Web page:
2007-05-31 / Front Page

Road race honors athlete's memory

By Adrienne Downing

Family members discuss the race course preparations at Ft. Getty for Sunday's Ali's Run. Photo by Adrienne Downing Family members discuss the race course preparations at Ft. Getty for Sunday's Ali's Run. Photo by Adrienne Downing Tragedy can have two effects on a family, it can tear them apart or it can make them stronger. In the case of Maureen Dunn Packer, her husband Rob, and her daughter Caroline it has not only made them stronger, they have used it to enhance the lives of countless others.

This Sunday marks the sixth running of the Ali Dunn Packer Memorial Road Race, known to most people as Ali's Run. The race is run annually on the first Sunday in June as a memorial to their daughter Ali, who, as a 15-yearold freshman at LaSalle Academy died as a result of a tragic car accident.

Ali's love for sports, particularly soccer and track, inspired the idea for the race. She finished second in the 4x100 and 4x400 relay events at the Freshman State Championships, so the race is a natural reflection of Ali.

"A race just seemed to fit her character," the Packers said. "We wanted a family-oriented day that honored Ali's memory."

As she lays a sketch of the race day plans on the counter, it is evident that a lot of thought is put into the whole day, and not just the race itself. There will be a DJ, face painting, food, prizes and awards and even a few surprises along the way, including New England Revolution players who will be on hand to sign autographs. Children are encouraged to bring something for the players to sign.

The half-mile Kids Race will start at noon, and children participating will receive a bib number, goody bag and an award. There is no cost for the children's race.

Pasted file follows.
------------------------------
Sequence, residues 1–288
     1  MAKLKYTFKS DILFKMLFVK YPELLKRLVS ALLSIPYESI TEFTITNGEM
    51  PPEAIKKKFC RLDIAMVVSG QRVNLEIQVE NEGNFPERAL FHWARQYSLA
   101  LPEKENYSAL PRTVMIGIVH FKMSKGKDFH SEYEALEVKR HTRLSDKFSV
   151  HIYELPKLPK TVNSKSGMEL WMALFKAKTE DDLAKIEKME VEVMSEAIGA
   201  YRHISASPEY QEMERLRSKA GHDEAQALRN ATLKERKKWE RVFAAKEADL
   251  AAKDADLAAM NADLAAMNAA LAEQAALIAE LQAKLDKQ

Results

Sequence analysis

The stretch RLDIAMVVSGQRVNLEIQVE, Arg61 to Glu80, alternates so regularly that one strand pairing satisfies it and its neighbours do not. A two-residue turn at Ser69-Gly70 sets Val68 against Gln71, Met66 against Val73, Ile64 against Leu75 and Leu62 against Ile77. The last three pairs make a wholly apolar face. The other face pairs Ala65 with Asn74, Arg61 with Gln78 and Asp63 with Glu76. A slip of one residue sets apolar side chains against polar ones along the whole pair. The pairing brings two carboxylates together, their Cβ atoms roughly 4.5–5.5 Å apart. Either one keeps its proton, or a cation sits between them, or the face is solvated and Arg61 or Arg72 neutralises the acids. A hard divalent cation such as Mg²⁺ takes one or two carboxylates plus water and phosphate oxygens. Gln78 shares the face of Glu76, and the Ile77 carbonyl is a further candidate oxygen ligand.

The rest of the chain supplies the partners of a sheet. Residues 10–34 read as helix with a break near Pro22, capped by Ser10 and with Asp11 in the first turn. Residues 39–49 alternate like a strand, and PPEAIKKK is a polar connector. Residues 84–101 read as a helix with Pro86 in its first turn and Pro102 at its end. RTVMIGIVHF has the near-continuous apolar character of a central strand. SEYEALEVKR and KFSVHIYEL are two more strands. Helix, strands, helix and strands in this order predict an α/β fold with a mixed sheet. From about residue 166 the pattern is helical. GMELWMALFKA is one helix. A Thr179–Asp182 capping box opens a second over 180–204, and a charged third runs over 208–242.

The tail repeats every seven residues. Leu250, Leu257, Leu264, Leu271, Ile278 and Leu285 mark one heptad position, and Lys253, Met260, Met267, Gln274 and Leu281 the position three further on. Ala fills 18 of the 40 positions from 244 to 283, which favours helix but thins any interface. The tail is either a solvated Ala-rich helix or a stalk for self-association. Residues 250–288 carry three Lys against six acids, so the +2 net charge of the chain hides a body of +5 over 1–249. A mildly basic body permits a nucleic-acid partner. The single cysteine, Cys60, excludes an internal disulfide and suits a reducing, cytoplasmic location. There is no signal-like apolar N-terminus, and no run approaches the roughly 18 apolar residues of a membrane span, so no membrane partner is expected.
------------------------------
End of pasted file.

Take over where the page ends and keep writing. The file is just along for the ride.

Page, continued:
"We hope it encourages a love for sports and a healthy lifestyle for the kids," she said. "We have children who ran in the fun run for a few years who are now over 10 and back running in the 5K."

The 5K race will start and end at Fort Getty Park, and follow a course that takes runners past Mackerel Cove, through town and back around to Beavertail Road. While there is no separate division for walkers, they are welcome.

"We have had a lot of people ask about a walker's division and we are considering adding one for next year," Maureen said.

Currently, there are over 200 participants are registered for the race, however, the majority of the registrations come on race day.

Scheduling conflicts and weather conditions have brought the race numbers down slightly in the last few years, but Maureen is hopeful this year will bring a record number of racers to the course.

This is the first year since the race's inception that it will be held on June 3, the anniversary of Ali's death.

"I have to really focus on the race, but it will be the first time we won't be able to attend memorial mass," Maureen said.

Their solace comes in knowing the funds from the race do so much good in the community, and it is amazing how their acts of kindness have made others want to give back.